Pull records on any subcontractors, someone who comes to the operation and brings his own workers with them; and temporary employment agencies. The government is looking for 'shell games' where employers are trying to hide their work force, Straub explained.

"Be aware you can't shield yourself from responsibility," he warned. "Clean it up now or you could get yourself in big trouble using this technique." Depending on the sophistication of the arrangement, criminal liability may be involved.

Keep files on employees and put any No Match letters into the file, he advised. "Generally, the easier you make it on the officers, the better. Show you are a good apple with a system in place to avoid bad actors, and do your best to comply."

In addition to never waiving the 72 hours and being cooperative, the keys to surviving an I-9 audit are not to answer any questions about the farm's I-9 forms, employees or hiring practices, and keep conversation to a minimum. "If you have an agent pushing you, be very clear that you have an attorney and he will provide the answers within 72 hours," Straub said.

It is important to hire an attorney. There are serious legal consequences and the ICE agents are experts, Straub said, so an attorney will serve as a communication shield. "You are giving evidence," he pointed out.

If someone comes onto a dairy operation, he should be taken to a specified place, preferably an office, to sit and talk there. "Do not allow him to go through the operation and talk to employees without a warrant," Straub said.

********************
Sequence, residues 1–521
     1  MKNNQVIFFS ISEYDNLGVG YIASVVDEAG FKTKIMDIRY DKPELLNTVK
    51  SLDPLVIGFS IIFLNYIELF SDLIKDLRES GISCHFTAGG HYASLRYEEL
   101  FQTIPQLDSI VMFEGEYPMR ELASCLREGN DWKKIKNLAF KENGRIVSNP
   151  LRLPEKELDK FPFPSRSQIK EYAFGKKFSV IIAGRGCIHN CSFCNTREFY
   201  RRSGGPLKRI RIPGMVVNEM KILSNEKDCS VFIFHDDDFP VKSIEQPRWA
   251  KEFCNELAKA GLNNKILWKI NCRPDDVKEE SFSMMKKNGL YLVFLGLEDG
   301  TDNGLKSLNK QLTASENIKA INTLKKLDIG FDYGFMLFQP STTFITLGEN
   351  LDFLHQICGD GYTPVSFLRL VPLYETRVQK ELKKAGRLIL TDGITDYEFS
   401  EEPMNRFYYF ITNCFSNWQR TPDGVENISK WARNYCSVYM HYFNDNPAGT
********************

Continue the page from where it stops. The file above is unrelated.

If an agent comes onto the dairy looking or a certain employee, escort him to the designated place and have someone fetch the person in question. "Definitely, be cooperative or they can make your life difficult, but do keep it contained," Straub advised.

Common errors

According to fellow attorney and co-presenter Priya Bhatia, the common errors in section 1 of the I-9 form are incomplete information, no "A" number, missing employee signature or date, and not completing the preparer/translator information.

Employees must complete section 1 by their first day of work, she noted.

Common errors in section 2 are insufficient supporting documents and incomplete information, such as titles, issuing authority, document numbers, dates or employee signature.

Section 2 needs to be completed no later than the employee's third day of work. Originals must be presented, but employers cannot specify which documents the employee must present. Employers cannot accept expired documents, although there are exemptions as in the case of employment authorization documents and expired permanent resident cards that have been extended.

Employers must examine the documents, but they are not expected to be document experts. "The point is to make a good-faith effort," Bhatia said.

Only the individual who viewed the original documents can sign the I-9 form.

Common errors in Section 3 are unnecessary employer signatures and incomplete information. This section should be completed before the employee's work authorization expires.

Documents must be retained for three years from the date of hire or one year from termination, whichever is later. Be consistent, Straub said.

Photocopying documents is now advised, because it helps in case of future inspections and allows for correction of errors. "The most important advice here is, again, be consistent," Straub said.

If an I-9 form is lacking, one should be filled out immediately with the current date. "Be honest. It is better to have made a mistake than a pattern of lying," Straub concluded.

For more information, contact Straub or Bhatia at 414-224-8472. A "Handbook for Employers" (M-274) is available on the U.S. Citizenship & Immigration Services website at www.uscis.gov.